President Joe Biden has bet his legacy on a sweeping economic agenda that now awaits action in the House of Representatives. But on the eve of a key vote in Congress’s lower chamber, Democratic lawmakers from across the ideological spectrum remain as divided as ever on how to get that agenda over the finish line—or what it should look like when it gets there.
The White House’s economic proposals have been sorted into two bills: A $1.2 trillion bipartisan infrastructure bill the Senate passed in August and a $3.5 trillion budget bill that includes massive investments in health care, the fight against climate change, and the social safety net. House Democrats agreed to hold a vote on the infrastructure bill by September 27 at the urging of their moderate colleagues to whom passing a bipartisan, job-creating bill would prove to voters that Democrats can reach across the aisle and get things done.
But progressive lawmakers balked at the idea of passing the bipartisan bill by itself. The party’s most ambitious line items are in the $3.5 trillion budget bill, and Congress’s left flank feared that moderates would withhold support for the legislation once the bipartisan bill was on the president’s desk. (By virtue of the congressional budgeting process, the budget bill can pass with only Democratic votes, but it needs the vote of every Democrat in the Senate to pass.)
So progressive lawmakers are refusing to vote for the bipartisan bill until the House and Senate reach an “ironclad” agreement on a budget bill. So far, that hasn’t happened: A handful of moderate House Democrats have joined Sens. Joe Manchin (D-W.V.) and Krysten Sinema in raising doubts over the size of the bill, as well as how it will be paid for. The disagreement means the budget bill will almost certainly not be ready for a vote by the infrastructure bill’s Monday deadline. And on the Sunday political shows, House Democrats representing both sides of the intra-party debate spoke of the consequences of not having an agreed-upon budget bill as if they were living in separate political realities.
To hear Rep. Pramila Jayapal (D-Wash.) tell it, there’s little chance the House will actually hold a vote on the bipartisan bill without an accompanying budget agreement. “The votes aren’t there,” Jayapal, who chairs the Congressional Progressive Caucus, said on CNN’s State of the Union on Sunday morning. “The Speaker is an incredibly good vote counter,” Jayapal explained, and would not bring a doomed bill to a vote. But just moments later, Rep. Josh Gotteheimer (D-N.J.), one of Jayapal’s centrist House colleagues, joined the show and contradicted her. “We’re going to have the votes,” Gottheimer told CNN. “It will come up tomorrow, and we’re going to vote this week—early this week.”
Pelosi spoke for herself on ABC’s This Week and promised Democrats would pass the infrastructure bill “this week,” but demurred on the exact timeline. “We will bring the bill to the floor tomorrow for consideration,” she said, “but you know I’m never bringing a bill to the floor that doesn’t have the votes.” To choose an “arbitrary date” for passage would be foolish, she explained. “You have to go when you have the votes in a reasonable time.”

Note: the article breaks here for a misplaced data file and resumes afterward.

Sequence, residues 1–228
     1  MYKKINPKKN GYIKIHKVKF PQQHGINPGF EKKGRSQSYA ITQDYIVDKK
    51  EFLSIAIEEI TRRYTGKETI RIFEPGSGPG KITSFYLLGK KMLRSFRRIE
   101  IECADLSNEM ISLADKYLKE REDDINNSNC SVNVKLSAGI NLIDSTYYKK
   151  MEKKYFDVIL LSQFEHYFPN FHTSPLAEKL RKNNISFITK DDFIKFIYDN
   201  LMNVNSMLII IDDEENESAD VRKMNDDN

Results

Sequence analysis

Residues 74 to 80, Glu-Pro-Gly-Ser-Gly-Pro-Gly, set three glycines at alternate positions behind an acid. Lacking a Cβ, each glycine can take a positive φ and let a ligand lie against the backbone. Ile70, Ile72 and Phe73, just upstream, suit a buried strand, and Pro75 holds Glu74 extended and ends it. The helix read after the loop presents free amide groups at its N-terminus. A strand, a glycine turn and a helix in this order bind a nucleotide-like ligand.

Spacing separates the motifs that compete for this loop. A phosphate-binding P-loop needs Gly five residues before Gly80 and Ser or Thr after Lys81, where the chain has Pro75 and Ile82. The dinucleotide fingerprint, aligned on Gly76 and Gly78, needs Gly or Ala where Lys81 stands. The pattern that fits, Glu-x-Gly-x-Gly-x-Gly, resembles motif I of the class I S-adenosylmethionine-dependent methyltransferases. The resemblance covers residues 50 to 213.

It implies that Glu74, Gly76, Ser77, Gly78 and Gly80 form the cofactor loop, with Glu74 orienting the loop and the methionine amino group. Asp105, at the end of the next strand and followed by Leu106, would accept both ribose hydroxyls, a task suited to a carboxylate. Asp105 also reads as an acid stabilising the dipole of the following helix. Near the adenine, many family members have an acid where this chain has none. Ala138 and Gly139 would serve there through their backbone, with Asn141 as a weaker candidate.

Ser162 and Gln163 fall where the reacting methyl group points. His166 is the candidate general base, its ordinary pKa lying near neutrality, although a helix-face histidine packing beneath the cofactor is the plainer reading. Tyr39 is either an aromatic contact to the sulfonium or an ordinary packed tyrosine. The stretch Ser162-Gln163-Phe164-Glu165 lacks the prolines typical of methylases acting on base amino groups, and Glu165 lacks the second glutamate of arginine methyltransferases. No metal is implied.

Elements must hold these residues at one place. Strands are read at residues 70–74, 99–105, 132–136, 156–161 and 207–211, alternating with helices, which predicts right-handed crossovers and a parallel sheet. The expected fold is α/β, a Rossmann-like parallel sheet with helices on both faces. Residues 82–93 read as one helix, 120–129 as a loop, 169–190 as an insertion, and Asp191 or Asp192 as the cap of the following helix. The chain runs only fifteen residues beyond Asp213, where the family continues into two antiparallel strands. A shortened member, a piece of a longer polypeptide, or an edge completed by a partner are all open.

Pelosi downplayed tensions among her Democratic colleagues. “This isn’t about moderates versus progressives,” she said, noting that “95 percent” of congressional Democrats support both bills as written. She added that both bills together represent “President Biden’s agenda” and that “he will not confine his vision for the future” to just the bipartisan bill.
Pelosi’s stance allies her with progressives, who have also claimed the mantle of championing Biden’s agenda. “Ultimately, we’re delivering on the president’s agenda,” Jayapal said. “There’s a few people in the House and a couple in the Senate who aren’t quite there yet.” But Gottheimer countered that in not bringing the bipartisan bill to a vote Monday, Democrats are sitting on “historic, once-in-a-century” legislation. “I can’t explain to anybody why we have this separate bill sitting here,” he said, lamenting that bill would create much-needed jobs.
And what happens to the White House’s economic plan is just one of the tortured items on Congress’s agenda this week. The federal government will run out of money on September 30 if lawmakers don’t pass a resolution to keep funding it by that date. So, too, will the country’s surface transportation programs, if Congress doesn’t pass the bipartisan infrastructure bill that contains its replenishment. “September 30th is a date fraught with meaning,” Pelosi wrote to her Democratic colleagues on Saturday afternoon. “The next few days will be a time of intensity.”